Friday, August 26, 2011

Simple, yet ....

Seems like everyone is writing about basics, fundamentals and simplicity right now, it must be in the air.
This morning, at the semi regular workout I get to do with my friend T and Sensei Mike E, we were working on the Kumitachi (partner practice) from the Toyama Ryu sword system.
Toyama Ryu is a military school system and as such shares the quality that many military systems, like Xing-Yi, have - simplicity and pragmatism.
'Simplicity' of course is a relative term and what struck me learning the techniques, I think we did 6, was how 'simple' here refers to the most direct approach ... which also means that you deviate from center the least you can with your sword, and move the least you can with your feet ... thus the price of screwing up the Ma-ai - range and timing - means eating the attack. These techniques are eventually practiced with the opponent running at you and cutting full power, and of course you closing to meet them also.
The technique works great IF your read of your opponent's intent is good, and you are in the right place at the right time, with good alignment, to do the thing, at the right moment, relative to what your opponent does. (OK, so there is some built in safety redundancy .... but not a whole helluva lot.)
So ... 'Simple' here means utilizing the quickest route between A and B with sword and footwork - not much choreography - but is also means you are on, or very close to the center line and the power of the incoming attack of your opponent, which means that if you screw it up any one small aspect - relative contact point along the sword, how rotation meets the straight line, your structure vs their structure, range etc - you are toast.
So simple, yet .....


Anonymous said...

Simplicity is perception - reading the intent (the opponent's strategy; usually decided upon before visual contact; if it is not, then the opponent's strategy is weak - vacillating; in range is no time to be making decisions or 'settling the spirit'), discerning the tactic (posture) and then watching the opponent's rhythm - the 'beats' (pardon the pun) of movement - his or her technique. Then it is simply a matter of 'playing between the notes' being contrapuntal, if you will to strike the opponent before or after their attack. One who is 'awake' will see the potentials and "gifts" (Rory Miller) before the opponent can think to present them.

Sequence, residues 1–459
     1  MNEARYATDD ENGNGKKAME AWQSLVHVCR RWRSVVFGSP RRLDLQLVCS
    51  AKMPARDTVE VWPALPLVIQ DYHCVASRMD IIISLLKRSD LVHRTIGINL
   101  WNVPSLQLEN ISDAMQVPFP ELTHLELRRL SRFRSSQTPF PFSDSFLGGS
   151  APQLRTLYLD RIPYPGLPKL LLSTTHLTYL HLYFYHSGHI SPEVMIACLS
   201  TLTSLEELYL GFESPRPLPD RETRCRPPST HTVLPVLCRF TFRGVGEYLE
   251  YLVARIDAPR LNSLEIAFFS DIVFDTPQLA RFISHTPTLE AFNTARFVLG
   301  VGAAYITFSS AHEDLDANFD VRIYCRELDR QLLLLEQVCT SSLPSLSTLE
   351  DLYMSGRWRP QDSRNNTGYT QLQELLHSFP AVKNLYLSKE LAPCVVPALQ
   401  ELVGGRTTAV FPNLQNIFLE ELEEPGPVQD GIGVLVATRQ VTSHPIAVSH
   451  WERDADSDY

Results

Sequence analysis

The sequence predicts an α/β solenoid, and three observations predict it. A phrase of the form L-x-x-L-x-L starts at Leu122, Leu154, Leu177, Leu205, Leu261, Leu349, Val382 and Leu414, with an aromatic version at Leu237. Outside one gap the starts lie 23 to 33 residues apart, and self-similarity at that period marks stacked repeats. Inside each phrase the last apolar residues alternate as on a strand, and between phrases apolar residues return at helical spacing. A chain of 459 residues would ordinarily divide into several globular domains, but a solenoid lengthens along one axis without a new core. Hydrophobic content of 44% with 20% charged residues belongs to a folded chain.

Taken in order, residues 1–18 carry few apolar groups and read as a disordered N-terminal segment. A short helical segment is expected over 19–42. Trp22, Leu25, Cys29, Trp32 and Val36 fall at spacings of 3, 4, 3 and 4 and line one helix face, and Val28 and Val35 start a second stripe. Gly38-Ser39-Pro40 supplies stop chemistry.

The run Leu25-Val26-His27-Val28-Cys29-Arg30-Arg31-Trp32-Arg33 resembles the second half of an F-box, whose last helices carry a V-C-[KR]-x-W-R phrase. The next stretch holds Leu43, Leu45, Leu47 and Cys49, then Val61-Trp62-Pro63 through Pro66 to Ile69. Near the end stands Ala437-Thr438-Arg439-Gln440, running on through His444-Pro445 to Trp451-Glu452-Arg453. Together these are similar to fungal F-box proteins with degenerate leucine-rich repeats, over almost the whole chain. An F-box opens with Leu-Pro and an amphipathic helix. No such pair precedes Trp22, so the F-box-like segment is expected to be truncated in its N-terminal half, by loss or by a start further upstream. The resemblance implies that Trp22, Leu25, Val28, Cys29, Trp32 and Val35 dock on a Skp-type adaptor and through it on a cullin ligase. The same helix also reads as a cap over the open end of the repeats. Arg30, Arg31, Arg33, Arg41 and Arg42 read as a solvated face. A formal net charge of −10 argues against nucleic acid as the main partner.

Jake said...

Ah, August, when martial artists thoughts turn to simplicity and basics?

Interesting that simple in this case also meant (if I'm understanding correctly) small margin for error. Gotta chew on that one for a bit.

Maija said...

Yeah that was the insight I got from the session too, though possibly it applies more to swords than other paradigms?
What I noticed was that if I read the intent of the opponent wrong, or I did not succeed in rendering them incapable of countering (by knocking them off balance or disabling the weapon/arms ... or perhaps just by my intent) I was screwed as I was pretty much defenseless.

Jake said...

I suspect there is a smaller margin for error when you get weapons of any kind involved, though a well-placed/timed/heavy punch/kick/whatever can still take you out pretty quick.

(My sword experience is limited to fencing with SCA for four years, back in the mid-nineties, plus a very little bit of Japanese and Filipino work.)

My feeling is that there are certain tools/movements/whatever that are more...robust(?) than others. In other words, there are some things that you can screw up within reason and still get a decent result. Tony Blauer likes to say that when you do the SPEAR wrong, it works, and if you do it right, it hurts.

Maybe that's a function of an empty handed paradigm though. Getting clipped with three feet of steel is potentially worse than getting clipped with a fist.

Hmh. Rambling.

Maija said...

Been thinking about the 'robust' technique equivalent for swords ... much trickier proposition I feel. You have to get past the weapon length itself which means you are in more critical danger longer, and like you pointed out, there is just much greater room for error empty hand than with swords.
I'm just not sure if there are high percentage moves in the 'robust' category ...

Tactics are so dependent on the opponent, and can range from having fierce intent to keep the opponent on their heels, but closing this way dictates having a good defense and understanding of weak and strong angles unless your 'zanshin' is that good they just melt away of course ... :-)

Or ... you keep your options open if the read is difficult, creating openings through engagement or 'lying' - 'hedging your bets' as it were.

Or ... your opponent's intent is so obvious there is little issue about committing to the counter. (rare by itself but can be created)
Any and all can apply, at any time.

All I know for sure is that I better be pretty darn sure when I personally commit my attack because if I am wrong it's hard to get away unscathed.

Yes ... much trickier all in all :-)